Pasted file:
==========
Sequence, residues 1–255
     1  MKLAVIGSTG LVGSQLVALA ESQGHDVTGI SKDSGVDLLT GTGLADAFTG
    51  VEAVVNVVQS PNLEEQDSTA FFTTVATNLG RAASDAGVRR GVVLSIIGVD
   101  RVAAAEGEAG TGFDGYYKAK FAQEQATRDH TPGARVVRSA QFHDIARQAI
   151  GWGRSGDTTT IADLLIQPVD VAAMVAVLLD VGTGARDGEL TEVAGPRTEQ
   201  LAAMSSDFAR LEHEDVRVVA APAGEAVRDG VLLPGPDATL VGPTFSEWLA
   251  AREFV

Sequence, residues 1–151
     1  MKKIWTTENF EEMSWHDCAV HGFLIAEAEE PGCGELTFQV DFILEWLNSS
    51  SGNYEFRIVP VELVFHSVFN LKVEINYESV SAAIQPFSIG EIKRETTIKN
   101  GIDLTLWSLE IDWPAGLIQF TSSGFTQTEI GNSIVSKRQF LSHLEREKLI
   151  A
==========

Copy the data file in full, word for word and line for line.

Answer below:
Sequence, residues 1–255
     1  MKLAVIGSTG LVGSQLVALA ESQGHDVTGI SKDSGVDLLT GTGLADAFTG
    51  VEAVVNVVQS PNLEEQDSTA FFTTVATNLG RAASDAGVRR GVVLSIIGVD
   101  RVAAAEGEAG TGFDGYYKAK FAQEQATRDH TPGARVVRSA QFHDIARQAI
   151  GWGRSGDTTT IADLLIQPVD VAAMVAVLLD VGTGARDGEL TEVAGPRTEQ
   201  LAAMSSDFAR LEHEDVRVVA APAGEAVRDG VLLPGPDATL VGPTFSEWLA
   251  AREFV

Sequence, residues 1–151
     1  MKKIWTTENF EEMSWHDCAV HGFLIAEAEE PGCGELTFQV DFILEWLNSS
    51  SGNYEFRIVP VELVFHSVFN LKVEINYESV SAAIQPFSIG EIKRETTIKN
   101  GIDLTLWSLE IDWPAGLIQF TSSGFTQTEI GNSIVSKRQF LSHLEREKLI
   151  A